Customs duty impact

The most immediate issue would be that the UK would no longer be part of EU’s Customs Union. As a result, EU’s customs duties would apply to imports from the UK, making it less attractive for EU companies and consumers to source goods from UK companies. Similarly, the UK Government may extend the current UK customs duty tariff to imports from the EU, adding costs for UK companies reliant on raw material and finished goods from EU suppliers.

Secondly, the UK would no longer benefit from 34 existing free trade agreements that the EU has negotiated throughout the world. A Brexit would also give rise to non-tariff barriers as all goods would need to be customs cleared (first exported, then imported, in both directions), adding time, complexity and cost to UK companies’ value chains.

VAT issues

The UK would no longer be obliged to have a VAT system after a Brexit but it’s fairly safe to assume that VAT will not be abolished. However, after a Brexit, sales of goods to and from the UK may no longer be able to use the EU’s acquisition and dispatch system, which allows VAT on EU goods to be accounted for on VAT returns. Instead, these would become imports and exports which would need to clear customs and incur import charges on entering the UK or arrival in an EU country. UK importers/exporters would face a cash flow disadvantage due to the delay between payment of customs charges on entry and entitlement to recover the VAT as input tax on the next VAT return. UK businesses would have to consider using deferment and customs warehousing arrangements to mitigate the impact.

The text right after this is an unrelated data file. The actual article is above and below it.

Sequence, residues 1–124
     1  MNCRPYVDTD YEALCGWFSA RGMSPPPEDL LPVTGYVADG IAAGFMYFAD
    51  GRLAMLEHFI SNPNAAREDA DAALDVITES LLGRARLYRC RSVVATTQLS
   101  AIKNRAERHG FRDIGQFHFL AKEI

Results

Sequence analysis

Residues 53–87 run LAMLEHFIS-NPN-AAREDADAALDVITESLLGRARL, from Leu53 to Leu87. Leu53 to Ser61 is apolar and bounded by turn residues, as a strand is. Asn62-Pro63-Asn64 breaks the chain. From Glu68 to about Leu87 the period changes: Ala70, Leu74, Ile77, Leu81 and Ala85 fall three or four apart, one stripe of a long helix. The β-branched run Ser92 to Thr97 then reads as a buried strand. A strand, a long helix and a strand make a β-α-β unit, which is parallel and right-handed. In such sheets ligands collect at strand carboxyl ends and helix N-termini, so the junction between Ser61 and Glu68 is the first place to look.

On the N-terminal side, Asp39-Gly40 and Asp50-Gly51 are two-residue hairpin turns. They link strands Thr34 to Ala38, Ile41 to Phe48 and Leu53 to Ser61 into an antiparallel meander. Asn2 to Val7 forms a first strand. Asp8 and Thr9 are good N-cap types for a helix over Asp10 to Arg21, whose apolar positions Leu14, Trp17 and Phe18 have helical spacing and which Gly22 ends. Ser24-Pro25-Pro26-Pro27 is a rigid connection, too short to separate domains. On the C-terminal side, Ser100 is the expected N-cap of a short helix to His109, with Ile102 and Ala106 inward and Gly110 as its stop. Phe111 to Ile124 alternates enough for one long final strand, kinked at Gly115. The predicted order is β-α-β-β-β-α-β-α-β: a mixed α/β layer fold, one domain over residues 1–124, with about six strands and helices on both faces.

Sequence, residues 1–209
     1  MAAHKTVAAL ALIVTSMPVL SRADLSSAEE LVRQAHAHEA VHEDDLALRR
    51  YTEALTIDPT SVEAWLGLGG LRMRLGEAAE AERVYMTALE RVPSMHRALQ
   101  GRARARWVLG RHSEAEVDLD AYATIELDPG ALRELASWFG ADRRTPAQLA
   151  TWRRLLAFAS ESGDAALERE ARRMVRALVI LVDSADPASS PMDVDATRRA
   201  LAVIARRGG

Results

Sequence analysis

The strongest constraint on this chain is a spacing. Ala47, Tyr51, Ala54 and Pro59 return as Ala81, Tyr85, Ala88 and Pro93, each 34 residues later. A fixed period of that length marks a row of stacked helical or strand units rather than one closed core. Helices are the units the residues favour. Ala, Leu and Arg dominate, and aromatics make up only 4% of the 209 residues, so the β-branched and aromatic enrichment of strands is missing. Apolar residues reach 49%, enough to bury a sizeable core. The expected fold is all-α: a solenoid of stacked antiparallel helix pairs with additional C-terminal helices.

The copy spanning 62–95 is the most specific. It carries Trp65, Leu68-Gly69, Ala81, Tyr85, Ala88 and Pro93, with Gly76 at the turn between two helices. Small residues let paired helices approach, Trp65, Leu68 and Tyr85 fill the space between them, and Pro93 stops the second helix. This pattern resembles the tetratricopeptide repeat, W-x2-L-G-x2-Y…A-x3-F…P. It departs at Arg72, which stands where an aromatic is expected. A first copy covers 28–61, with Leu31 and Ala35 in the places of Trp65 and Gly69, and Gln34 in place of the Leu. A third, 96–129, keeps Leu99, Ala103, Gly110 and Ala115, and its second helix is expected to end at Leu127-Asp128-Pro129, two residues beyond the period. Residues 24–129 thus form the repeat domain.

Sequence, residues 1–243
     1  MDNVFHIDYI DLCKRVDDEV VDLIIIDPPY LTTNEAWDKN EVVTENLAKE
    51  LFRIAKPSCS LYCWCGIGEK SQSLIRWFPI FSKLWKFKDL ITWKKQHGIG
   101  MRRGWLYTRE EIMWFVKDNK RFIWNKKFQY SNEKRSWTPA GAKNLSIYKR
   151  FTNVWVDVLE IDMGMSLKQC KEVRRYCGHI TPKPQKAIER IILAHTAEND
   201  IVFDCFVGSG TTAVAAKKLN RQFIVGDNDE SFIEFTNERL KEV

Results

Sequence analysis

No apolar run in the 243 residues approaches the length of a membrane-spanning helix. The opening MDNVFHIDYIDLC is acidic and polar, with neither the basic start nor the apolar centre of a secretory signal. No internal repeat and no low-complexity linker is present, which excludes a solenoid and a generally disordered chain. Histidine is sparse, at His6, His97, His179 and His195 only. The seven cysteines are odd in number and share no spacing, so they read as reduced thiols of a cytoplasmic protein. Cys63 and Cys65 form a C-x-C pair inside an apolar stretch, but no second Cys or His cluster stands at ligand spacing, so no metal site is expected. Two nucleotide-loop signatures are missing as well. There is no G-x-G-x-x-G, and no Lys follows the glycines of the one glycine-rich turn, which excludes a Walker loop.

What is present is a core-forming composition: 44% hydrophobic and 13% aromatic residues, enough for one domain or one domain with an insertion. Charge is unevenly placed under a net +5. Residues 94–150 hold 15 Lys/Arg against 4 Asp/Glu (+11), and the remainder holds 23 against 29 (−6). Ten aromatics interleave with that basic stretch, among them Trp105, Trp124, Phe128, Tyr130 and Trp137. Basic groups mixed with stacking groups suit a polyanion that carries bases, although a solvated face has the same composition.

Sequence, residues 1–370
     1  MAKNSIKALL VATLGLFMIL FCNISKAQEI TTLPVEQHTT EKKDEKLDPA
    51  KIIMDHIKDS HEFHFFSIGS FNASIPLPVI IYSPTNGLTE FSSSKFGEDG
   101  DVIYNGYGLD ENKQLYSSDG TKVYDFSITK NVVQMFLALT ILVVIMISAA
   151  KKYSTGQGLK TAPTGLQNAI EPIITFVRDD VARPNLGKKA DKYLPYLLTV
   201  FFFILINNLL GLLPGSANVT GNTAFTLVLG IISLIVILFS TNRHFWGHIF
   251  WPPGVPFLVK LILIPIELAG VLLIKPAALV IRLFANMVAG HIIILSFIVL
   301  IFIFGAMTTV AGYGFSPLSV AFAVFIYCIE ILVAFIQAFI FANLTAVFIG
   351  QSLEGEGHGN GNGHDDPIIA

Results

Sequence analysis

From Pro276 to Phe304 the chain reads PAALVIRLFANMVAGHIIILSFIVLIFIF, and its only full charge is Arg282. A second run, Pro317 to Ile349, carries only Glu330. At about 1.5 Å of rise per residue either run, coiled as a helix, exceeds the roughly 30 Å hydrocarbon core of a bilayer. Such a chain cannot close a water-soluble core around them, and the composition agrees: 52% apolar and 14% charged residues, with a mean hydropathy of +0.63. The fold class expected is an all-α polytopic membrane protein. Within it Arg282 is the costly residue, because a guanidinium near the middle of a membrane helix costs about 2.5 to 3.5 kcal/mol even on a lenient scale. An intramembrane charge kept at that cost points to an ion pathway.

UK businesses that are required to register for VAT in an EU member state, eg because they hold stock there or are excluded from the triangulation system as a result of leaving the EU, could face additional administration and costs because many member states require a non-EU VAT registrant to appoint a fiscal representative locally to deal with its tax affairs.

Corporate tax concerns

Withholding taxes are a common feature of many regimes. A UK company that invests overseas may suffer withholding taxes on dividends it receives from its subsidiaries or on royalties received from overseas. If the withholding tax is not eliminated by a tax treaty, then for payments within the EU, the group could rely on the EU Parent-Subsidiary directive or the EU Interest and Royalties directive to prevent the withholding tax being a cost. If the UK is outside the EU then this additional layer of protection would no longer be available.

In recent years, a number of groups have relied on relieving provisions in the UK legislation which prevent a tax charge from being triggered by a cross-border merger or restructuring within the EU. This could be, for example, where a UK business is transferred to an EU entity in exchange for shares. However, the way that some of this legislation has been implemented in the UK may mean that groups could no longer rely on these provisions if the UK were to leave the EU.